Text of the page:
Joanna Rossiter Joanna Rossiter

Batley Grammar and the dilemma for trainee teachers

People gather outside the gates of Batley Grammar School (Getty images)

Should a teacher show a picture of the prophet Mohammed in the classroom? In the wake of the ugly scenes recently at Batley Grammar school when one teacher did just that, there are few questions more relevant to the work of a teacher right now.

But when one trainee student at Manchester Metropolitan university contacted his course leader to ask whether they would support someone who did show such an image in class, the response was not the one he expected.

The university’s reaction was telling: it did not initially respond to the trainee’s email request for advice. Instead it contacted him a month later saying he must attend a disconcertingly named ‘fitness to practise cause for concern meeting’.

Don’t go into teaching if you care about free speech. That seems to be the takeaway message for trainee teachers at Manchester Metropolitan University

Don’t go into teaching if you care about free speech. That seems to be the takeaway message for trainee teachers at Manchester Metropolitan university.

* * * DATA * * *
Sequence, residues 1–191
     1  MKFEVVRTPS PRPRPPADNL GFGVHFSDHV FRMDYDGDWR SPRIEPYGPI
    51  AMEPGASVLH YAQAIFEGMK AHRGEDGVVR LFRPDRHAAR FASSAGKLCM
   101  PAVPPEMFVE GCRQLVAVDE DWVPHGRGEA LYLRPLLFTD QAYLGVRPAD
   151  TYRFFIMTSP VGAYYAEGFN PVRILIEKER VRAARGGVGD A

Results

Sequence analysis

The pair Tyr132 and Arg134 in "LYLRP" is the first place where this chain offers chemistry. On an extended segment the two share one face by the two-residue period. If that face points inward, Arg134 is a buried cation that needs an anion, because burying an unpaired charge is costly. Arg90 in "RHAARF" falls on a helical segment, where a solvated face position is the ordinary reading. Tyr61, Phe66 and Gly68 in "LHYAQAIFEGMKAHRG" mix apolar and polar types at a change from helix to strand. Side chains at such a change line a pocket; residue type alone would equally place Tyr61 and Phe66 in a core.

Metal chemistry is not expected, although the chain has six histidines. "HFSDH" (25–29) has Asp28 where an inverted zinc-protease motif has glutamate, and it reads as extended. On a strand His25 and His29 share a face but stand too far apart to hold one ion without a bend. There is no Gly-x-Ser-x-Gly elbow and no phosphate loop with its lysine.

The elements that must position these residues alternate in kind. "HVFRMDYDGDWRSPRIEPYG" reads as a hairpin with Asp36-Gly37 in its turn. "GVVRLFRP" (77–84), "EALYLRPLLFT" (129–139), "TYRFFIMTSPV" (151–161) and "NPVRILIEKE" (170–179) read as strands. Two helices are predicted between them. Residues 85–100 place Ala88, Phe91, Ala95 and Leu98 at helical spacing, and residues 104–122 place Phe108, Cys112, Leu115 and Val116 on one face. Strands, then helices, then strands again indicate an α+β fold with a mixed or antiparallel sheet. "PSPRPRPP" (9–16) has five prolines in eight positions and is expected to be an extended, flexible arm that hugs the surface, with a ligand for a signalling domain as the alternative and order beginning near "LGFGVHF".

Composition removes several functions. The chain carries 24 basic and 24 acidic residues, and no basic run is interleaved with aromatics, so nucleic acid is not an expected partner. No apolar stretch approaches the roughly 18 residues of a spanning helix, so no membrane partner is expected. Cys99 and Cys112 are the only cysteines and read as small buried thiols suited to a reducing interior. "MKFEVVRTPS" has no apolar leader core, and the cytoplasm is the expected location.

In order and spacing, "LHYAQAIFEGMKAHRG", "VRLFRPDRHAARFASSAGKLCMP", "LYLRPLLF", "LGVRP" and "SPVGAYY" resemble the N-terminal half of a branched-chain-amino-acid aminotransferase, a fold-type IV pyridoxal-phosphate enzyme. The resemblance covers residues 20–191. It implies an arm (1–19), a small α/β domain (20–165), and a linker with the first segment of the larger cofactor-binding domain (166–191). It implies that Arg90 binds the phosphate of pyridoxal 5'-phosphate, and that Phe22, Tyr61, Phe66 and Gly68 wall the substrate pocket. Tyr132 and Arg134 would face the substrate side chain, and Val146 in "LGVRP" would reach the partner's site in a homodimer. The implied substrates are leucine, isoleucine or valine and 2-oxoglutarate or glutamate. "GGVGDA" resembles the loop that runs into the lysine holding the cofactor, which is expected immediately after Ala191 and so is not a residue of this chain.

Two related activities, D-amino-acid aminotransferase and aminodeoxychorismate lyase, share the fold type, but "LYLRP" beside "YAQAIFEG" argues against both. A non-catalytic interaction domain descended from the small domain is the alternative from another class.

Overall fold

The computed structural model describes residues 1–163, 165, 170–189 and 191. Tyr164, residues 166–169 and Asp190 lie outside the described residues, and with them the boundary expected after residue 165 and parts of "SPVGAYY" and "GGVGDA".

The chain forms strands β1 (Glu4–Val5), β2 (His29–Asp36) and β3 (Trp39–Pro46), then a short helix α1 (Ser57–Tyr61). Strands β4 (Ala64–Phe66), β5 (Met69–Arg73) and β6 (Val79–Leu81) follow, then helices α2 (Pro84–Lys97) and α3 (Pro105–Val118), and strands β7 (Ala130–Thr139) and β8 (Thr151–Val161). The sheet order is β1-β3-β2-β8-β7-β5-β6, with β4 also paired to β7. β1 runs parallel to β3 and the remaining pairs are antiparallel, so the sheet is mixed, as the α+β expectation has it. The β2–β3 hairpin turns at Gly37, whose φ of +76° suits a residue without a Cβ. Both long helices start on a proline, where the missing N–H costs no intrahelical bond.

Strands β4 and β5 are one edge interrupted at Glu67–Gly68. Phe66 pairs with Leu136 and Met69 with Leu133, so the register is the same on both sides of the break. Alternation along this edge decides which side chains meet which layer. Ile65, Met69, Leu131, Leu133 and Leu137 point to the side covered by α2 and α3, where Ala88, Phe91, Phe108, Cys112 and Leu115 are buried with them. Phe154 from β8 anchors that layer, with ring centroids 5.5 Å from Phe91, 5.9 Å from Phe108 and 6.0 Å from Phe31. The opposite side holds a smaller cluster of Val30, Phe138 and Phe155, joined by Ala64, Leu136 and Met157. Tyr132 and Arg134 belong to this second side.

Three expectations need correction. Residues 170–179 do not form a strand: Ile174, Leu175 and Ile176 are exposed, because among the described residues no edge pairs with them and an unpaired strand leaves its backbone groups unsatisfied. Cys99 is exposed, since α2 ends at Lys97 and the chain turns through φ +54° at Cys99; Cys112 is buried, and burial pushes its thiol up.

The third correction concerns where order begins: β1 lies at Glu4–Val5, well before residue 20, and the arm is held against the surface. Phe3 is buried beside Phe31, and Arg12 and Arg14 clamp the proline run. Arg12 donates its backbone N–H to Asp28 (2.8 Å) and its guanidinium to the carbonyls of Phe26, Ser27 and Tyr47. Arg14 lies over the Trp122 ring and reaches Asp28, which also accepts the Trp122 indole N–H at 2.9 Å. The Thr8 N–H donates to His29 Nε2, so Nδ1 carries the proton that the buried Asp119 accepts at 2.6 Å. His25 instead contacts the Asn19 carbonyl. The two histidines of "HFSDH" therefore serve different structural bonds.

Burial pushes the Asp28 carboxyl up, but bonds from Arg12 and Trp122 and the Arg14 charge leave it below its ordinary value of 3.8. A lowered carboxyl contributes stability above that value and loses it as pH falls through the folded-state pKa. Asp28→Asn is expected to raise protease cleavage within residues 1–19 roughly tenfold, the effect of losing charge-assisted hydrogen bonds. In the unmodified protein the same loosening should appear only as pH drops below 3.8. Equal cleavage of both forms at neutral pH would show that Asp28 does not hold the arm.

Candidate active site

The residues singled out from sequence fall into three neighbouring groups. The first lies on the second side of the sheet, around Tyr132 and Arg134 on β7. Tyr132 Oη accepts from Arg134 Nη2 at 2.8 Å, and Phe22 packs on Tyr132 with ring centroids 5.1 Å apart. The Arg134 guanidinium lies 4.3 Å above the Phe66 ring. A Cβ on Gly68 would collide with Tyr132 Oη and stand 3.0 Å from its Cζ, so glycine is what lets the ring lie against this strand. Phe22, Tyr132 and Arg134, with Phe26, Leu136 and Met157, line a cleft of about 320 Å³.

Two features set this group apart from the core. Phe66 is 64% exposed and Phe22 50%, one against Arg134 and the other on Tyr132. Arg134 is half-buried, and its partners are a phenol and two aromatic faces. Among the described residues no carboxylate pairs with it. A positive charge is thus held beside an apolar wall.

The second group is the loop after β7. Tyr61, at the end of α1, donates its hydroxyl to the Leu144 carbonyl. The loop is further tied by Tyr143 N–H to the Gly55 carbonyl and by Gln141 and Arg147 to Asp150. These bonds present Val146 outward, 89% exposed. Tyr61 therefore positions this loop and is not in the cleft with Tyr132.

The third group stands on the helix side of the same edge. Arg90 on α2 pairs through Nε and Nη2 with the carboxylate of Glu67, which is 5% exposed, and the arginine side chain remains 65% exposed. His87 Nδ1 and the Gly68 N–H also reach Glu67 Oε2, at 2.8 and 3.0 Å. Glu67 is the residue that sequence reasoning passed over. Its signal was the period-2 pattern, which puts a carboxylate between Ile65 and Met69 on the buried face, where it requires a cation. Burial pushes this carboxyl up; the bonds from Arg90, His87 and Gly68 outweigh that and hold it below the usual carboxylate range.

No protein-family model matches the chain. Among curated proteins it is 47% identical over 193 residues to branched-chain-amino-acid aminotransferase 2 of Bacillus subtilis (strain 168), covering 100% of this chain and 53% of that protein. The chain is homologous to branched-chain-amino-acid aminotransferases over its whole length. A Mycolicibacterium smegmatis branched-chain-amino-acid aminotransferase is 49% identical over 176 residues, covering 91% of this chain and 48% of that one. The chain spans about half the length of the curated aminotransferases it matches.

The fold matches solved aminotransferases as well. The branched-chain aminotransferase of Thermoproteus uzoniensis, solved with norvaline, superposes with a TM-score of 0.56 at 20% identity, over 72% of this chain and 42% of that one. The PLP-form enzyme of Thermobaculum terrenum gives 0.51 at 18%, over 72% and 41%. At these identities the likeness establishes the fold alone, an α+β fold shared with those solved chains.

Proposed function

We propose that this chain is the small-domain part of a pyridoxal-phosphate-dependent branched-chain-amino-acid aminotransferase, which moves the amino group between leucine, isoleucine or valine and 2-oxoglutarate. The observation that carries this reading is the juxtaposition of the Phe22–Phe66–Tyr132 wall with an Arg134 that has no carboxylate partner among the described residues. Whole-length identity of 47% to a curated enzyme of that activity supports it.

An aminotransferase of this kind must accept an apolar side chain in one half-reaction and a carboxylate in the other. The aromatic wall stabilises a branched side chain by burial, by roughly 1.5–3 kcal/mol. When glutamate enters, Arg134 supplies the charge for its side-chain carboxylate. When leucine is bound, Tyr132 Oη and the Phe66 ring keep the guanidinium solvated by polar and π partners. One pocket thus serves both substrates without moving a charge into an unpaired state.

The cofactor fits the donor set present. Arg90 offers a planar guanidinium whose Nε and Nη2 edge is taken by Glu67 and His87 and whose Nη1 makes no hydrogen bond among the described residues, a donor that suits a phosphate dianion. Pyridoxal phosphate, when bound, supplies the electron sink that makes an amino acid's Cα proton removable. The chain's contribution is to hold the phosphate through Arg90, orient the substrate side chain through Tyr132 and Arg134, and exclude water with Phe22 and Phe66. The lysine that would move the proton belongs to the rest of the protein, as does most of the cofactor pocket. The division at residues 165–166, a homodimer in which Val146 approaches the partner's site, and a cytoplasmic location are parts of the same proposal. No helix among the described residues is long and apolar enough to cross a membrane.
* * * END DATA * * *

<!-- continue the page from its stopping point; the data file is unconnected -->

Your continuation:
The trainee’s assertion that he ‘would not hesitate to use drawings of any religious figure’ in the classroom was certainly bold. But it was a hypothetical scenario that he was using to start a discussion. The idea that a trainee can be disciplined for an action they have not yet committed is not just absurd. It goes against the very fundamentals of education and training, where open debate should be encouraged, not shut down. After all, surely a teaching training course is precisely the place where these sorts of discussions should take place?

Manchester Metropolitan university’s response may be cowardly, but it still pales in comparison to the ongoing silence from the government in relation to the Batley Grammar school incident. The Department of Education seems to be doing everything in its power to distance itself from the case, and its profound and worrying implications for the teaching profession.

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